Explainer: March Madness success means more than publicity
Houston made it to the Sweet Sixteen and provided the University a stage it has not had in basketball since 1984.
But the wins were more than just publicity and exposure. The school and the American Athletic Conference will reap the financial benefits of the journey for at least the next six years.
The NCAA has a basketball performance fund that is distributed to teams based on their NCAA Tournament performance.
The fund of more than $168 million is split up and given to teams and conferences based on how many games they play and how many wins they have. The only exceptions are that teams that automatically qualify to the tournament via winning a conference tournament do not earn a unit for playing their first game and teams will not earn any money for the championship game.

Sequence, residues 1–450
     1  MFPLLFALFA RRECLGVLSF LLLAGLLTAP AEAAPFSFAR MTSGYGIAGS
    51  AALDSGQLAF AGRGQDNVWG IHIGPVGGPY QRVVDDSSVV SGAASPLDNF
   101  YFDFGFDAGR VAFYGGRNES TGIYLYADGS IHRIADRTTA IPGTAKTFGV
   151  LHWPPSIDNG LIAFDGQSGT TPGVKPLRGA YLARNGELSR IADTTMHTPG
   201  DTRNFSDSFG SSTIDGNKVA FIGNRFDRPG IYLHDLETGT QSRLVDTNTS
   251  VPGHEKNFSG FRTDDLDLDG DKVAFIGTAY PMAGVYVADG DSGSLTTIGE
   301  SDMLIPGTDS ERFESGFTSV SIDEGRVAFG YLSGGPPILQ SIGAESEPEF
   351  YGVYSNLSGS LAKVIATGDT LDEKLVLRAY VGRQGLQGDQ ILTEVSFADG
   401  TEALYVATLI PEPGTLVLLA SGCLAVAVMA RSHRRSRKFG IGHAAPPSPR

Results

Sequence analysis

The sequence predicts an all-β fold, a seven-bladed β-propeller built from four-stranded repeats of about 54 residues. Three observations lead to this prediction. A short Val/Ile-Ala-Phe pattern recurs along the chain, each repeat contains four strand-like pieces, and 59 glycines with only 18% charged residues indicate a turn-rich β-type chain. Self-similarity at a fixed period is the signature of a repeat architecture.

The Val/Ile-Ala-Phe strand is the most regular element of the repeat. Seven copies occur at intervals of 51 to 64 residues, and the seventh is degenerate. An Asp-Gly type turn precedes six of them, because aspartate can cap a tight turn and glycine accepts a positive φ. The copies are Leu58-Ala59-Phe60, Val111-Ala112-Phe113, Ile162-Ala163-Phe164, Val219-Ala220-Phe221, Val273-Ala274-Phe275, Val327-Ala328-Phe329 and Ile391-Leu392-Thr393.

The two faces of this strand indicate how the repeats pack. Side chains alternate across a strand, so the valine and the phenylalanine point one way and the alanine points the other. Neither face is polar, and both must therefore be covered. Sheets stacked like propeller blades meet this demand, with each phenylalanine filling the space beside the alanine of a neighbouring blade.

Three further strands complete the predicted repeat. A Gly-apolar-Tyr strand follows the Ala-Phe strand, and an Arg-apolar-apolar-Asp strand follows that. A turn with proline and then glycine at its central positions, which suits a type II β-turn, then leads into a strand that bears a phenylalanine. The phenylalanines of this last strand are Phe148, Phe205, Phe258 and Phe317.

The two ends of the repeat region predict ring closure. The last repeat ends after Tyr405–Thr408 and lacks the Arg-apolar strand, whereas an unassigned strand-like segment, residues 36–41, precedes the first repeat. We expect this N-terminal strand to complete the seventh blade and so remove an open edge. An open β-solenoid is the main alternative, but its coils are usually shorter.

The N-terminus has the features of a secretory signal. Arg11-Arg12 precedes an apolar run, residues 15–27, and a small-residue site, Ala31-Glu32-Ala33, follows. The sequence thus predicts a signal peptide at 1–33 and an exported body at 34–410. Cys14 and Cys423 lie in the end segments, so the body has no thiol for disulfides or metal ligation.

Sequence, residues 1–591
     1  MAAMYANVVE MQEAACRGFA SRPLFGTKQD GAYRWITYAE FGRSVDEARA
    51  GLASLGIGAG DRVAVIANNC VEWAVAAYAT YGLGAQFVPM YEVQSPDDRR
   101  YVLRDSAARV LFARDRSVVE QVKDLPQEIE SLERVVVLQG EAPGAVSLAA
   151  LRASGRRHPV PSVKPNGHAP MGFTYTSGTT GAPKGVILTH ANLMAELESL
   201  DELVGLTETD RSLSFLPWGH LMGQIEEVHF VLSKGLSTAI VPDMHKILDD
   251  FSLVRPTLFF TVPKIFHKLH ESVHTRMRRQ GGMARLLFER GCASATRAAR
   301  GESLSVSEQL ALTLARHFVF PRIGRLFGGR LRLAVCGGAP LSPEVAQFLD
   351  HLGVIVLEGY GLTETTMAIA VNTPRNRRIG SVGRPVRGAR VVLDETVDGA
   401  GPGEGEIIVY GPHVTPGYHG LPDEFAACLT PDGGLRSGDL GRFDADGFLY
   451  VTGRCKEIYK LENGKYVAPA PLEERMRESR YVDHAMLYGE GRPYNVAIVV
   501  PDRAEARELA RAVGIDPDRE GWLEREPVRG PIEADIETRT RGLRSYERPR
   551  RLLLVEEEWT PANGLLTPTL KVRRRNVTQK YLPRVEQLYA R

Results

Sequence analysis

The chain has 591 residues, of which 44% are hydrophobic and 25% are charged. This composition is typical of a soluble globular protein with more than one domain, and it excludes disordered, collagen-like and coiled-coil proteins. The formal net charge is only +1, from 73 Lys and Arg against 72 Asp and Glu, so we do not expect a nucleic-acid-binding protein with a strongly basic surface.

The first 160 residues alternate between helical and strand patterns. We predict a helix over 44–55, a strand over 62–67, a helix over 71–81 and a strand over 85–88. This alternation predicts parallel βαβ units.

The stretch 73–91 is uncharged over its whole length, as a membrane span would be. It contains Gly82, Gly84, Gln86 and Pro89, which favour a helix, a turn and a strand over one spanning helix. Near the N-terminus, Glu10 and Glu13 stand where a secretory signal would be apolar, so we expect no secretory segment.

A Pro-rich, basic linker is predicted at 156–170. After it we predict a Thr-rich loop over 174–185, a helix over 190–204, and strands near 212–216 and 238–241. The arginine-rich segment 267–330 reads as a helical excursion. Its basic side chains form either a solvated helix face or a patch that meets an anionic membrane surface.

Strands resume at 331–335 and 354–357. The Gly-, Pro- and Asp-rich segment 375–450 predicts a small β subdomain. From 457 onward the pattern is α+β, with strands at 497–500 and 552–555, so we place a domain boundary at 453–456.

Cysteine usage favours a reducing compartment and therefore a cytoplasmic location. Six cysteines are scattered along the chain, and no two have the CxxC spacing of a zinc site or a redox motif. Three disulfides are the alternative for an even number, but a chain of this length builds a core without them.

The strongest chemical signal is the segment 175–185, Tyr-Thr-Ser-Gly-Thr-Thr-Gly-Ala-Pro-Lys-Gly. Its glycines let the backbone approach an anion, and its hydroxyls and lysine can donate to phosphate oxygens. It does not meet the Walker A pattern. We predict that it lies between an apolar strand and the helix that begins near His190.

Houston played in three games and won two, meaning it earned five units, but that money will not go directly to the school. It will be sent to the AAC, and the conference will split it up to each of the members.
In 2018, the amount of money per unit was about $273,500, and it should stay at that level for the foreseeable future, so UH has earned the AAC $1,367,500 over the next six years, with each school affiliated with basketball to receive $113,958 if split evenly.
UCF earned three units, Temple earned one and Cincinnati earned zero, as it lost in its first game after it auto-qualified from winning the AAC Tournament. That means Houston will earn $113,958 from those schools’ success.
But why is the money shared? It’s pretty simple. Not every school that was good this year will remain good, and not every school that was bad this year will stay that way.
UConn sits near the bottom of the conference right now, but in 2014, the squad won the national championship, which the conference is still making money off of.
Units are also kept in the conference in which it was earned, so if UConn were to leave the AAC, the 10 units the team earned in 2014 and the two in 2016 would stay in the AAC.
As Houston and the AAC continue to build its basketball profile, expect those unit numbers to grow each year.